Coleman Highlands: A Historic District


by Brian McMillan

As many of you are aware, the Coleman Highlands subdivision is classified as a Historic District. This classification was obtained by the neighborhood in 1996. The purpose of a Historic District classification is to preserve the visual, architectural and structural integrity of our neighborhood. The reason Coleman Highlands has the ambiance that we all find so appealing is due to its architectural imagery. To preserve and protect this imagery there are guidelines and limitations as to what types construction is allowed, be it new construction or renovation and repair, in a Historic District.

The governing body is the KCMO Historic Preservation Office and Commission. Brad Wolf is the director and go-to guy if you have questions (816) 513-2902. The basic guidelines are any “exterior changes” that would be considered “material changes” need to be approved by the Landmarks Commission. These material changes would be modifications beyond “in kind repair.” In other words repairing or replacing something which has rotted or deteriorated is not subject for review. Whereas material changes or architectural additions/expansions that would alter the original integrity or visual character of the structure, would be subject for review. At issue will be what is visible from the street.

Depending on the scope and scale of the modification, reviews can often be handled either on the phone with digital photographs or over the counter. Of common concern are paint schemes/colors and window replacements. More substantial modifications and new construction will require obtaining a Certificate of Appropriateness from the Landmarks Commission. Obtaining a Certificate of Appropriateness involves filing an application with supporting documentation. Brad Wolf will consult with the applicant, review the application and write a staff report which will be submitted to the Landmarks Commission for a formal hearing resulting in approval or denial. These hearings are open to the public and neighborhood input is welcome.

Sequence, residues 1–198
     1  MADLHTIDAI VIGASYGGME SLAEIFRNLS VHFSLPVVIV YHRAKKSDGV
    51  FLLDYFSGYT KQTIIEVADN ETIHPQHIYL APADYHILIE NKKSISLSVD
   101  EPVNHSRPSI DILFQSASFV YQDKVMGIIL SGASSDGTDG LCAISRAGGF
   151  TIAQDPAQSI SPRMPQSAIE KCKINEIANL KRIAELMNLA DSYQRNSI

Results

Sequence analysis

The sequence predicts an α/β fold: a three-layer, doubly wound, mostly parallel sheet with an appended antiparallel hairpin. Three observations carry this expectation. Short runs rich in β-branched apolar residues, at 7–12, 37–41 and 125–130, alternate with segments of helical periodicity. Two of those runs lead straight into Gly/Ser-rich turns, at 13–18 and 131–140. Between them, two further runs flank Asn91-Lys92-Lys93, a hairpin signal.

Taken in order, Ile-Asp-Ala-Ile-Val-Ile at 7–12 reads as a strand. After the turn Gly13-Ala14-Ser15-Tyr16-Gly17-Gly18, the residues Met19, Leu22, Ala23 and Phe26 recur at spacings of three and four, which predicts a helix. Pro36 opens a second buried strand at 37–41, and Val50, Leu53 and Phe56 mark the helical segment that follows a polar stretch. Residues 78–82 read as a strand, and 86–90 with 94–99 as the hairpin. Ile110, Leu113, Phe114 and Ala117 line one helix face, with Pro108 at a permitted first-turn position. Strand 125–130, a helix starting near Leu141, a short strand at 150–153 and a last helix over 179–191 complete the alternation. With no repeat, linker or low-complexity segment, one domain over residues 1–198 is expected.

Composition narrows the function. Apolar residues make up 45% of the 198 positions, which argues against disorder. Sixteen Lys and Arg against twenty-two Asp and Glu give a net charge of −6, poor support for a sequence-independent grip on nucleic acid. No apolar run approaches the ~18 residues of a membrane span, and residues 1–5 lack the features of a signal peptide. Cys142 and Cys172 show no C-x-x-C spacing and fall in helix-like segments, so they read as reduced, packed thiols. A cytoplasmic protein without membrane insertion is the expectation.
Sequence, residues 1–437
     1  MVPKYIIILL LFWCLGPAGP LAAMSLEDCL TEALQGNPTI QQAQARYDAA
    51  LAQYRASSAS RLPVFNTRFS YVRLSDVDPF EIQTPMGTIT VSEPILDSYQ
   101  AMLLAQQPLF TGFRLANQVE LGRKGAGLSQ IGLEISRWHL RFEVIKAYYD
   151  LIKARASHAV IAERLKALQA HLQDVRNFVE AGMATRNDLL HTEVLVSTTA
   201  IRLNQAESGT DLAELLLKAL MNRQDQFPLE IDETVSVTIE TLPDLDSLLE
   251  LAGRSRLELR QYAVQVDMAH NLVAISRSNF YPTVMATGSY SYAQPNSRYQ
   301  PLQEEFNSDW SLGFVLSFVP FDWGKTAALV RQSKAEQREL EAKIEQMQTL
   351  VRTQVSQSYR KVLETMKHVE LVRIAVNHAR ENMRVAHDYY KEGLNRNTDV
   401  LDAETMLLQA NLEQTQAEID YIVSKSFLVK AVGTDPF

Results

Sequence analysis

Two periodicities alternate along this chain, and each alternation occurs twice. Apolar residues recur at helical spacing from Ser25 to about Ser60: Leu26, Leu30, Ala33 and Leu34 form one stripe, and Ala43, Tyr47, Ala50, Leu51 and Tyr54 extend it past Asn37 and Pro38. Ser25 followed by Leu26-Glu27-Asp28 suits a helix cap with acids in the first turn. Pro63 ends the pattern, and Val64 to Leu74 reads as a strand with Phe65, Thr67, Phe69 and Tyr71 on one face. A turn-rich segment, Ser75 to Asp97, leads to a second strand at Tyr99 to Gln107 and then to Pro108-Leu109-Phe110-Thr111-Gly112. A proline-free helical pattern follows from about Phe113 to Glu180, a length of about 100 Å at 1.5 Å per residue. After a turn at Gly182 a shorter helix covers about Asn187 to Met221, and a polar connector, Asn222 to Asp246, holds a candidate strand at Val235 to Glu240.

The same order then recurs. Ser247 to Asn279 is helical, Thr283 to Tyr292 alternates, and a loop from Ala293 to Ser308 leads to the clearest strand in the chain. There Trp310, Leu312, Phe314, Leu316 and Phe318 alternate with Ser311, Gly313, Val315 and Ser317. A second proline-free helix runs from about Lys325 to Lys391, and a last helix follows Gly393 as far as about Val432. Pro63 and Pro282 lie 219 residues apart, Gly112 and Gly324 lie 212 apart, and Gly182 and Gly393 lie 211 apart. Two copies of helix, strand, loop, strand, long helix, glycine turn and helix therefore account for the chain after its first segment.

Personally, I built a new home in Coleman Highlands in 2005 and while the process was rigorous, it was fair and feasible. There are Secretary of the Interior Standards for Rehabilitation which you will find on KCMO Historic Preservation webpage ( The key with new construction is to be sympathetic to the surrounding property’s historic character. They’re not asking for, and typically disallow, designs intended to appear as though they were built in the 1920’s. What they are asking for is that the character, size, scale, bulk and architectural massing be in keeping with the surrounding structures.

The Coleman Highlands neighborhood was platted by Robert Coleman in August of 1907. The location was ideal for a new suburb—atop a bluff, with fresh air and cool breezes, and located near streetcar connections to downtown, the west bottoms and Westport. The original plat divided the Coleman farm into 293 lots. Most houses were built between 1908 and World War I and a second wave of construction occurred between World War I and World War II. These homes were built in a variety of styles that included Colonial Revival, Craftsman, Prairie, Bungalow and Kansas City Shirtwaist. During the early 1950s, a third wave of construction occurred in the neighborhood, primarily of Ranch houses in an area just north of West Coleman Road and 33rd Street, where a ravine was filled in and leveled during 1945.

For more information on what it means for Coleman Highlands to be a historic district, reach out to a board member, or visit